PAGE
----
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PERFORMING ARTS

New Legs for a Legend

He wowed 'em at the Bowl, pioneered modern dance--but did you ever hear of Michio Ito?

March 15, 1998|Jan Breslauer | Jan Breslauer is a regular contributor to Calendar

It's the weekend after Christmas and the spirit of Michio Ito hovers over a dance studio in the heart of seediest Hollywood.

Inside, the late choreographer's son, daughter-in-law and granddaughters sit on folding chairs in front of the mirrored walls. A boom box plays the strains of Isaac Albeniz's Tango in D as a petite woman in black jazz pants and a Spanish hat goes through the precise, formal paces of a tightly coiled, sensual dance.

The dancer, Bonnie Oda Homsey, executes a series of slow, controlled lunges, her hips propelling the subtle motion from side to side. She turns, spins and glides forward across the wood floor--a whirl of taut, agile energy.

Homsey stops abruptly, looking over at a woman watching her from the side of the room. Soon the other woman joins her, and the two dancers go through a complex sequence of kicks and steps, repeating the moves until both seem satisfied with the correction.

It is a slow, painstaking process, setting a dance such as Ito's "Tango" on a new dancer. But both the former Martha Graham dancer Homsey and her mentor of the moment, Taeko Furusho, are up to the task.

That is, after all, why the astonishingly lithe 71-year-old Furusho, director of the Michio Ito Foundation in Tokyo, has come to Los Angeles today. American Repertory Dance Company is the first American dance company given permission to perform Ito's works, and she is here to make sure it's done right.

"Tango" is part of ARDC's "Legendary California Choreographers" program, which will be presented at UCLA's Schoenberg Hall on March 21 and 22. In addition to the four solos that comprise the "Michio Ito Suite" ("Pizzicati," "Tango," "Tone Poems I and II" and "Greek Warrior"), the bill also features the choreography of such noted artists as Ruth St. Denis, Doris Humphrey, Donald McKayle and Lester Horton.

"Of all the programs we've done, this is significant because it depicts the range and inventiveness that characterized these choreographers whose work reverberated all over the world," says Homsey, 46, who co-directs ARDC with fellow Graham alum Janet Eilber. "But these choreographers chose to be in California."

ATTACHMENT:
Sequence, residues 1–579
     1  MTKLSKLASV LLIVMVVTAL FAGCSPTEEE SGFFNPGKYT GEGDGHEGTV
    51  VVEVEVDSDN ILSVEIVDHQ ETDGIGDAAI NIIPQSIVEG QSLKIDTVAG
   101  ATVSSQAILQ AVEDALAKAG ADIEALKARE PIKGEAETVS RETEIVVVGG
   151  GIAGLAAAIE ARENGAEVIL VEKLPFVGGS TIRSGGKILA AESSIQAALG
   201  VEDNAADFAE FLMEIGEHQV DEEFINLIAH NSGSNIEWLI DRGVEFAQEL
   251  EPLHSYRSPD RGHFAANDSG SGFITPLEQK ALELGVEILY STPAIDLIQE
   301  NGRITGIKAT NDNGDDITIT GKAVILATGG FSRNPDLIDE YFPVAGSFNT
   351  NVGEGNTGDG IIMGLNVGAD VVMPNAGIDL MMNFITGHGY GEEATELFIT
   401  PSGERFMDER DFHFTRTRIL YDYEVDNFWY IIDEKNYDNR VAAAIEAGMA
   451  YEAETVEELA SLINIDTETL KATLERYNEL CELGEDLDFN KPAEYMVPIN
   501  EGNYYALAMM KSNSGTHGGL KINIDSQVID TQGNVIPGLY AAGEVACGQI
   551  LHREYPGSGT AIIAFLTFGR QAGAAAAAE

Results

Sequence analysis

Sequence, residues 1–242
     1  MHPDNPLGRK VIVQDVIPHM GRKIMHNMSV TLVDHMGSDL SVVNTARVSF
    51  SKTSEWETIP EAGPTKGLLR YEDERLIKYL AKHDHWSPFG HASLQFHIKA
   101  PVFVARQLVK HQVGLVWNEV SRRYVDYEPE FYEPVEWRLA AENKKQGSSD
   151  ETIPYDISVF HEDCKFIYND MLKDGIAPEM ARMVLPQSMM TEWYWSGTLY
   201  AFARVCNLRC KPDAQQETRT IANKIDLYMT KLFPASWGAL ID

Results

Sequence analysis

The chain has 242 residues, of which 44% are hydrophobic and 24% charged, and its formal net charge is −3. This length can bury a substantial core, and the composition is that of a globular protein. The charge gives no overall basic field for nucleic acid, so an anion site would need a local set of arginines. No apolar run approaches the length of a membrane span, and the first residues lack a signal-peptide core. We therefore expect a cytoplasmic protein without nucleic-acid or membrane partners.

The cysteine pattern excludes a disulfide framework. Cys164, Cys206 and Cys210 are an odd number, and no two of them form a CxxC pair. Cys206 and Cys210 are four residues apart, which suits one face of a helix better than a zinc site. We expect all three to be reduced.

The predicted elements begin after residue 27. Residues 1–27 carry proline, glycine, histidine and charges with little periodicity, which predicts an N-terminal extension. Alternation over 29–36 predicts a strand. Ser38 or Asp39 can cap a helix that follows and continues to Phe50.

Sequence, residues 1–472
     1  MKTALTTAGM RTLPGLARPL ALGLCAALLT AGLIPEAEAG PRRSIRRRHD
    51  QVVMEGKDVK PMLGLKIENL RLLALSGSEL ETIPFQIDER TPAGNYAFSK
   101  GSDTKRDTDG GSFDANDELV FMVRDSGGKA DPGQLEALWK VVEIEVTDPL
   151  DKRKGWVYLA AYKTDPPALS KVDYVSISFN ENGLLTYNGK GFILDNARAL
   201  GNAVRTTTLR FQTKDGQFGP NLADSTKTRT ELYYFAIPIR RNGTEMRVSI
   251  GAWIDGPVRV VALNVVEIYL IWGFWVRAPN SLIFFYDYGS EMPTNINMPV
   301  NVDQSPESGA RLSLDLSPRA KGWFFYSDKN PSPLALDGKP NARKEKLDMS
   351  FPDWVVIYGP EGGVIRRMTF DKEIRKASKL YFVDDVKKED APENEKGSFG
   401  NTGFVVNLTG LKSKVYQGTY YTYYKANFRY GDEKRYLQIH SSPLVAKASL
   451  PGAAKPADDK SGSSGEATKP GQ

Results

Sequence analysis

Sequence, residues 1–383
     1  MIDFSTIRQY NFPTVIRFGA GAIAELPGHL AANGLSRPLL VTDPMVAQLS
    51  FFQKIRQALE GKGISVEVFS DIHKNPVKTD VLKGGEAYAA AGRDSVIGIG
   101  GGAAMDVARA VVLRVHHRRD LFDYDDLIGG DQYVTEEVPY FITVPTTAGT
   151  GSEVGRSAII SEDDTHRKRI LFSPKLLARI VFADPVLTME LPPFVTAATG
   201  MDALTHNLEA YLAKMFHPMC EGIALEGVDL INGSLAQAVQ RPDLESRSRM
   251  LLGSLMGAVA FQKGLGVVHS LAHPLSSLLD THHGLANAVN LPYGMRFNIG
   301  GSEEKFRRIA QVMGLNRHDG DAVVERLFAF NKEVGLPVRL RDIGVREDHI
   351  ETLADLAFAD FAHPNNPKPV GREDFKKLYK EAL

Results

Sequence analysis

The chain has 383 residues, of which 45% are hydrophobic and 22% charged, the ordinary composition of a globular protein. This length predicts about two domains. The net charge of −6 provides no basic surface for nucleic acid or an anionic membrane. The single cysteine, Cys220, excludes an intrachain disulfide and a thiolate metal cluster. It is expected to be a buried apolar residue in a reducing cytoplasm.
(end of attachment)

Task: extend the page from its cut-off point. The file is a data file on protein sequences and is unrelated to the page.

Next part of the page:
"Part of what I love about this is putting California back on the dance map," she continues. "My hope is that once again we will allow California to take its place as a seat of dance."

Gerald Ito sits on a couch in Homsey's elegant Los Feliz home, not far from the venues where he once watched his father work. A Broadway veteran who recently retired from a major acting career in Japan--including more than 50 films and four television series of his own--Gerald Ito, at a youthful 70, is a gracious man whose presence suggests some of the magnetism for which his father was famous.

"The dance that Bonnie is doing, I remember my father doing that when I was maybe 8 years old," he says, recalling the earlier session in the studio, speaking English that is marked by aphasia, due to a stroke he suffered in June. "Today was my first time to see Bonnie dance that dance, and I felt like tears because I could see my father, and I could feel her dance with his feeling."

It is, however, a feeling and a dance that hasn't been seen in L.A. in more than 50 years. For while Ito is part of California's culture and history, most Angelenos aren't aware of it. Unlike Agnes de Mille, Lester Horton and other familiar names on the "Legendary California Choreographers" bill, Ito isn't well known outside the dance community here. Yet the Japanese-born artist lived and worked in L.A. from 1929 to 1941.

"He was so famous here," says Homsey. "He was an integral part of the history of the Hollywood Bowl."

Born in 1892 in Japan, Michio Ito was the offspring of an architect. His six brothers would become artists and architects as well. As a teenager, he went to Europe, originally to study music. But once he saw Isadora Duncan perform, he was inspired to dance.

According to an Ito biography by Helen Caldwell (now out of print), Ito went to London after the start of World War I where he met and impressed William Butler Yeats and Ezra Pound, helping them both with Noh projects and choreographing and dancing in a Yeats "dance play." He came to the U.S. in 1916, where he put on dance recitals and worked in theatrical productions. Martha Graham danced in his "Garden of Kama" in 1923 in the Greenwich Village Follies. Pauline Koner, best known as principal dancer in the Limon company in the '40s and '50s, told the New York Times' Anna Kisselgoff that she took the "path" she did because of encountering Ito in New York in the '20s.

"Ito was a total artist with tremendous charisma," Koner said. "In his 'Tango,' he didn't do an authentic tango. But he did do it with an Oriental concentration and containment, with a right sense of Spanish hondo. . . . He was out to be more abstract, more poetic."

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